US6580821B1  Method for computing the location and orientation of an object in three dimensional space  Google Patents
Method for computing the location and orientation of an object in three dimensional space Download PDFInfo
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 US6580821B1 US6580821B1 US09538208 US53820800A US6580821B1 US 6580821 B1 US6580821 B1 US 6580821B1 US 09538208 US09538208 US 09538208 US 53820800 A US53820800 A US 53820800A US 6580821 B1 US6580821 B1 US 6580821B1
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 G—PHYSICS
 G06—COMPUTING; CALCULATING; COUNTING
 G06K—RECOGNITION OF DATA; PRESENTATION OF DATA; RECORD CARRIERS; HANDLING RECORD CARRIERS
 G06K9/00—Methods or arrangements for reading or recognising printed or written characters or for recognising patterns, e.g. fingerprints
 G06K9/62—Methods or arrangements for recognition using electronic means
 G06K9/6201—Matching; Proximity measures
 G06K9/6202—Comparing pixel values or logical combinations thereof, or feature values having positional relevance, e.g. template matching
 G06K9/6203—Shifting or otherwise transforming the patterns to accommodate for positional errors
 G06K9/6211—Matching configurations of points or features, e.g. constellation matching

 G—PHYSICS
 G06—COMPUTING; CALCULATING; COUNTING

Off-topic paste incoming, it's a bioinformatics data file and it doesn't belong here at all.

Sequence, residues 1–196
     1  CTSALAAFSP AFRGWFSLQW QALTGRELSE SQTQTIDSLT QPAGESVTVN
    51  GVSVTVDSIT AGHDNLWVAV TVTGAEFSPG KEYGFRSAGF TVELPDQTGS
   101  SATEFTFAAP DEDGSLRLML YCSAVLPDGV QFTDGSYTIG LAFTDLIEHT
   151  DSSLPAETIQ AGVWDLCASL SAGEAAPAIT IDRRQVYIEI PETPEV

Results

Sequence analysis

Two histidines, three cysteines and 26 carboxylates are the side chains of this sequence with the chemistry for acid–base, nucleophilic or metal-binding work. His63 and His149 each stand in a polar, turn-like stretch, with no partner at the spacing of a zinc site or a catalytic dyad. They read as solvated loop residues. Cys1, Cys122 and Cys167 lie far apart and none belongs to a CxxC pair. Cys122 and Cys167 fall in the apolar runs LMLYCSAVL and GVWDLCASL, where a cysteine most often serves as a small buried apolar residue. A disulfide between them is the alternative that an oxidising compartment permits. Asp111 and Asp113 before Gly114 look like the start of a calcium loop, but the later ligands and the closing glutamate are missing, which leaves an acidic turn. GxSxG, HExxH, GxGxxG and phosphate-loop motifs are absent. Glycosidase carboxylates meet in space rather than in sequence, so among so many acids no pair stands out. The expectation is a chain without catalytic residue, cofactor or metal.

G06K—RECOGNITION OF DATA; PRESENTATION OF DATA; RECORD CARRIERS; HANDLING RECORD CARRIERS
 G06K9/00—Methods or arrangements for reading or recognising printed or written characters or for recognising patterns, e.g. fingerprints
 G06K9/00221—Acquiring or recognising human faces, facial parts, facial sketches, facial expressions
 G06K9/00288—Classification, e.g. identification

 G—PHYSICS
 G06—COMPUTING; CALCULATING; COUNTING
 G06T—IMAGE DATA PROCESSING OR GENERATION, IN GENERAL
 G06T7/00—Image analysis
 G06T7/70—Determining position or orientation of objects or cameras
 G06T7/73—Determining position or orientation of objects or cameras using featurebased methods
 G06T7/74—Determining position or orientation of objects or cameras using featurebased methods involving reference images or patches
Abstract
Description
1. Field of the Invention
This invention relates to computer vision and more particularly to the computation of the location and orientation (alternatively referred to as “pose”) of an object in three dimensional (3D) space.
2. Prior Art
Apparatus for capturing 3dimensional (henceforth, 3D) models of people's faces are known in the art. These apparatus simultaneously capture pictures of the faces in registration with the 3D models that are captured. The 3D models consist of the 3dimensional coordinates of a large number of points on the surface of the face, typically on the order of 640×640, along with the color picture value at each point. This provides the possibility of realistic computer graphics rendering of the faces from any vantage point. It is envisioned that this device can be used to capture a large number of face models. In some applications, this number could reach on the order of one million faces or more.
One application of this device is face identification, i.e., given a query consisting of an arbitrary twodimensional (2D) photograph of a face, to search a large database of previously captured 3D models of faces to find the model which best matches the 2D photograph.
There are numerous obstacles to be overcome to accomplish this.